Saturday, May 16, 2009

Flight 3407 crew failed to heed loss of speed



Flight 3407 crew failed to heed loss of speed
Slowdown preceded air crash in Clarence
By Jerry Zremski and Michael Beebe

WASHINGTON — The crew of Continental Connection Flight 3407 wasn’t paying enough attention to notice that the plane was losing speed to the point where its stall warning sounded, the head of the National Transportation Safety Board said Friday.

“There was a bleed-off of speed with no attention paid to it,” said Mark V. Rosenker, who presided over three days of hearings in the Feb. 12 crash that claimed 50 lives in Clarence.

“This should have been a normal approach” to landing at Buffalo Niagara International Airport, Rosenker added in an interview with The Buffalo News.

Rosenker’s comments address one of the abiding mysteries of the crash: why the plane’s speed got so slow that the stall warning system activated.

Much has been made of the pilot’s inappropriate reactions in response to the stall warning system, but Rosenker’s comments, along with testimony in the hearings, make it clear that the crew’s errors had begun earlier.

The crew slowed the speed of the Bombardier Dash 8 Q400 in preparation for landing — as it was supposed to do.

Data released by the safety board this week shows the plane’s speed slowing from 185 knots to 139 knots in 24 seconds.

“That’s not necessarily a rapid slow-down,” Rosenker said.

The problem is, the plane was then allowed to slow to below 138 knots—the correct “target speed” for the aircraft on approach to landing in icing conditions, a report from the Safety Board’s Operations Group said. Other sources familiar with the Q400 said they would not recommend flying the plane slower than 140 knots.

In fact, 3.9 seconds after Flight 3407 was flying at 139 knots, its speed fell to 131 — and the “stick shaker,” part of the stall warning system, activated.

While investigators initially thought ice on the wings may have slowed the plane down, the safety board later found that the moderate level of ice on the wings had a “minimal impact” on its stall speed.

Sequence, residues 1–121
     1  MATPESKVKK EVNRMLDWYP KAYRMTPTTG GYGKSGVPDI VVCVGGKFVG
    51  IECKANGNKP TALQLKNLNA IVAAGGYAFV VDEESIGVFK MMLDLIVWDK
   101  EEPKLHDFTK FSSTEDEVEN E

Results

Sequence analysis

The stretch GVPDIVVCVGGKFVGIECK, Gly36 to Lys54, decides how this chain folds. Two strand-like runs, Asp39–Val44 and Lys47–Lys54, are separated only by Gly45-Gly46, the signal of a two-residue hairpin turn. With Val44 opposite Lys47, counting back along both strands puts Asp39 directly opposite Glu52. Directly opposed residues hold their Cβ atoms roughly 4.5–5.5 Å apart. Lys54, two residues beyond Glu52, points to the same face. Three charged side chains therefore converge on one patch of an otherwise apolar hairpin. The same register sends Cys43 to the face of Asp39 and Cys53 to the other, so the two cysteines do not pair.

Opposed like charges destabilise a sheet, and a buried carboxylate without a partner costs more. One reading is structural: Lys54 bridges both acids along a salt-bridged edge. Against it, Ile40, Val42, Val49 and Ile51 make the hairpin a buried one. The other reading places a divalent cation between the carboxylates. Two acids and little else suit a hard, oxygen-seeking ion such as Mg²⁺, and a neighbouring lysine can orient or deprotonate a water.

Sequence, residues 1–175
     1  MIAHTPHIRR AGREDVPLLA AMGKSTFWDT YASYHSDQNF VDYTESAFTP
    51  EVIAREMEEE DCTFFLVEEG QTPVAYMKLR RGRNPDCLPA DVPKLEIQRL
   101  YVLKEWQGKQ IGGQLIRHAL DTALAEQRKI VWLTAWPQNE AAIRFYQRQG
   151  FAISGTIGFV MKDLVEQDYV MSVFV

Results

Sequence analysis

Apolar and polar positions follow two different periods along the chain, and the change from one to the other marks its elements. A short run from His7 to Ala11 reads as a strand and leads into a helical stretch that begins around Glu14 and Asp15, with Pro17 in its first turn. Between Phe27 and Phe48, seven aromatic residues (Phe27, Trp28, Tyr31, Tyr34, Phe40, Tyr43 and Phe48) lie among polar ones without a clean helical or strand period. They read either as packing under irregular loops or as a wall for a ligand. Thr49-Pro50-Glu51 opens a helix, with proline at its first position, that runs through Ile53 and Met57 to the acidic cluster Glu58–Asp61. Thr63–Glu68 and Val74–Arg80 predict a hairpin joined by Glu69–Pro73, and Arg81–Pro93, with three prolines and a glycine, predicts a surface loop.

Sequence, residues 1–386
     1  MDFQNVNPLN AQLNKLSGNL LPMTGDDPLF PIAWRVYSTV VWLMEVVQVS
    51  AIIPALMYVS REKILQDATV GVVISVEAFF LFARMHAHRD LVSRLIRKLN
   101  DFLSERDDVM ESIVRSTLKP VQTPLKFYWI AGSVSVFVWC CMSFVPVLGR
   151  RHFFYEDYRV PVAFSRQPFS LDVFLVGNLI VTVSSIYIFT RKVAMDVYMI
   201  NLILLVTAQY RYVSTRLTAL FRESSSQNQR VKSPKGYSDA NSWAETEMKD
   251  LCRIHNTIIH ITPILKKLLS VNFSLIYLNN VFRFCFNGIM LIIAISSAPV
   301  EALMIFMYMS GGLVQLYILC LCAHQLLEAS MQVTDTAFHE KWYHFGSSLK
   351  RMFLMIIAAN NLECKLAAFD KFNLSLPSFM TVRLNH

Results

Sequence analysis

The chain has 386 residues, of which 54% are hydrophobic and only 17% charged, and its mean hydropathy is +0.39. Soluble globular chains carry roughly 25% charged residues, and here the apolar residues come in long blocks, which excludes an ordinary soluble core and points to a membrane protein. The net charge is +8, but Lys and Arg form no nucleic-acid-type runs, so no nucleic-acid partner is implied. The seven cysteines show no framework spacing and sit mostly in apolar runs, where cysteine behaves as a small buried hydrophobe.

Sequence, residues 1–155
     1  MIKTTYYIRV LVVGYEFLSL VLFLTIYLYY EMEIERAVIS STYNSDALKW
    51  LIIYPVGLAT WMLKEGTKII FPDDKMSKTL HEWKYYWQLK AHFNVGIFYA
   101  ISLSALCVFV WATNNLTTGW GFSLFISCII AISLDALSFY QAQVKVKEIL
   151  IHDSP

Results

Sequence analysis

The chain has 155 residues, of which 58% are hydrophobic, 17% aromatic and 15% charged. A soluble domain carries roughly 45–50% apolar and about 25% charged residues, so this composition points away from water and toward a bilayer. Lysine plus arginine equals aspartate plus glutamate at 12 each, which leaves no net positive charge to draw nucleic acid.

But the plane’s pilot, Capt. Marvin Renslow, apparently had a major impact.

An animated re-creation of the flight’s last seconds shows that at 10:16 p.m. — less than a minute before the crash — the plane’s throttle was moved back to near the “flight idle” position, which is intended to slow the aircraft.

The animation shows the plane slowing quickly after that, and slowing down even more as the crew lowers the landing gear and the flaps, which also slow the plane down.

The trouble is, the plane just got too slow and entered what’s called an aerodynamic stall — in which it, in essence, was moving so slowly that its wings no longer could keep the aircraft flying.

Renslow apparently did not notice that the speed had dropped too far — and neither did First Officer Rebecca L. Shaw, who was supposed to be monitoring the instruments at that point.

Complete Buffalo News coverage of the Flight 3407 crash investigation, including documents, video and profiles of the victims.


Other testimony at this week’s hearings revealed that Renslow and Shaw responded incorrectly to the ensuing stall.

Renslow pulled back on the plane’s yoke when he should have done just the opposite, and Shaw put the plane’s flaps up even though doing so was the wrong response, witnesses testified.

Several officials at the hearing questioned whether a National Aeronautics and Space Administration video that Colgan pilots had been shown — which shows how to recover from a stall caused by icing on the plane’s tail—might have influenced Renslow’s decision to pull back on the yoke.

Renslow’s response would have been correct if the plane had experienced a tail stall, said Tom Ratvasky, a NASA test pilot and icing expert. But it was precisely the wrong response to a wing stall, which is what the plane experienced.

Several questioners said they wondered why that video would be shown to pilots, given that the Federal Aviation Administration will not certify planes that are susceptible to tail stalls.

Ratvasky said showing pilots that video was valuable, but acknowledged it could create confusion for pilots who get a stall warning.

“Remember,” he said in his final comments, “you have very little time to correctly diagnose the problem and take the proper corrective action.”

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